It has been hypothesized that a high-fat diet promotes the development of postmenopausal breast cancer. This contention is supported by data showing high international correlations between fat intake and breast cancer rates, modest positive associations with a high-fat diet in case-control studies, and animal model studies that have consistently demonstrated that dietary fat influences mammary cancer development at several stages in the carcinogenic process. A number of plausible biologic mechanisms have been suggested that may explain such promotional effects. In contrast, dietary fat intake is unrelated to the risk of breast cancer in cohort studies. The conflicting findings from cohort studies have created uncertainty regarding nutritional recommendations and breast cancer prevention. After reviewing key scientific findings that are relevant to this issue, the following conclusion is drawn: In the absence of data from dietary intervention trials, the weight of available evidence suggests that the type and amount of fat in the diet is related to postmenopausal breast cancer and that the inability to detect associations within populations (cohort studies) is because of measurement error and the relative homogeneity of diets measured. It is expected that the results from intervention trials will clarify this issue.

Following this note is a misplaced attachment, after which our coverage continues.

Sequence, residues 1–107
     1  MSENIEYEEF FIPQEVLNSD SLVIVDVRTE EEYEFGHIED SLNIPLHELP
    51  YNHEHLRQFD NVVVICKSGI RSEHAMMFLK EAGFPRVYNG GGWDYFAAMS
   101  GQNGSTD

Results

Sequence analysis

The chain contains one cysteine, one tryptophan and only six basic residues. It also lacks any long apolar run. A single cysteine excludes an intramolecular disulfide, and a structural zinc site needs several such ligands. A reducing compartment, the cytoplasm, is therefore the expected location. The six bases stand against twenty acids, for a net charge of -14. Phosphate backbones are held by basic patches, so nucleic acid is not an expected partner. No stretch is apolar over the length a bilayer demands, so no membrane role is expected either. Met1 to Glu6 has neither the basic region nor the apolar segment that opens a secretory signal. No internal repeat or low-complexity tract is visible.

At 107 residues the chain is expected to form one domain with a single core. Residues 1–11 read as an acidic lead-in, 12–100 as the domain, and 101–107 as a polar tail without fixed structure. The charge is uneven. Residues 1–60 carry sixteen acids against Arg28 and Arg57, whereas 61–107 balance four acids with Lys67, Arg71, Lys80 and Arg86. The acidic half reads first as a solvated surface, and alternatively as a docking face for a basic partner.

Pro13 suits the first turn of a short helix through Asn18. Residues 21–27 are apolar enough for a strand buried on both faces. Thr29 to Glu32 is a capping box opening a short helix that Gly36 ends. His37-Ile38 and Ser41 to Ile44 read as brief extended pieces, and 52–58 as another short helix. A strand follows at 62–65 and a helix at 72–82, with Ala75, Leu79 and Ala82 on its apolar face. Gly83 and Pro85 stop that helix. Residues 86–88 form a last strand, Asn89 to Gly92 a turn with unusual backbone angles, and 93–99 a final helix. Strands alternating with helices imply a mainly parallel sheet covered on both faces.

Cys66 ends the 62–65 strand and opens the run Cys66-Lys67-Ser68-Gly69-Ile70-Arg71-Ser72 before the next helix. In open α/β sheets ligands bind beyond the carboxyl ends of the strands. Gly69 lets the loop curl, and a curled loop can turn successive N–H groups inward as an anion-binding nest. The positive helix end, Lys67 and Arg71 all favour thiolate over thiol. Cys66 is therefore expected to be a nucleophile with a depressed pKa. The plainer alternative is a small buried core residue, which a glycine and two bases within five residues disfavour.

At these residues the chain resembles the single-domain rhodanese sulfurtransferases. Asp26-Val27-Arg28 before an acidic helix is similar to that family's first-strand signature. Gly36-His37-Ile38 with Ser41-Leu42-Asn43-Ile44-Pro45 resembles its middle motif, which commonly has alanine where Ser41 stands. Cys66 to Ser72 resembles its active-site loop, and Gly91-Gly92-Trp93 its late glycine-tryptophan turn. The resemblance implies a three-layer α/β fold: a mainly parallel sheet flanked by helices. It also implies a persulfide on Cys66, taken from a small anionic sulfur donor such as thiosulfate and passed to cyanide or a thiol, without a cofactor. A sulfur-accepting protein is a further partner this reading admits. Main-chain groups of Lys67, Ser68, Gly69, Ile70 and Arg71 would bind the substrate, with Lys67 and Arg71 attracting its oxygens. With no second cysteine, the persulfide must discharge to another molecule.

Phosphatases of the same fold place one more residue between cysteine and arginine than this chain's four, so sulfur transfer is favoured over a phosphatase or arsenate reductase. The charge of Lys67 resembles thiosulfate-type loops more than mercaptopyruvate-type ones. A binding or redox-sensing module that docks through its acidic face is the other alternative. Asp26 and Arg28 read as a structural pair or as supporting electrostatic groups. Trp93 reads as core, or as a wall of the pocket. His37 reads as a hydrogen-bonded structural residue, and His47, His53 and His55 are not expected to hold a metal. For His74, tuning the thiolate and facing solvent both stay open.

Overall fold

All Science Journal Classification (ASJC) codes
- Cancer Research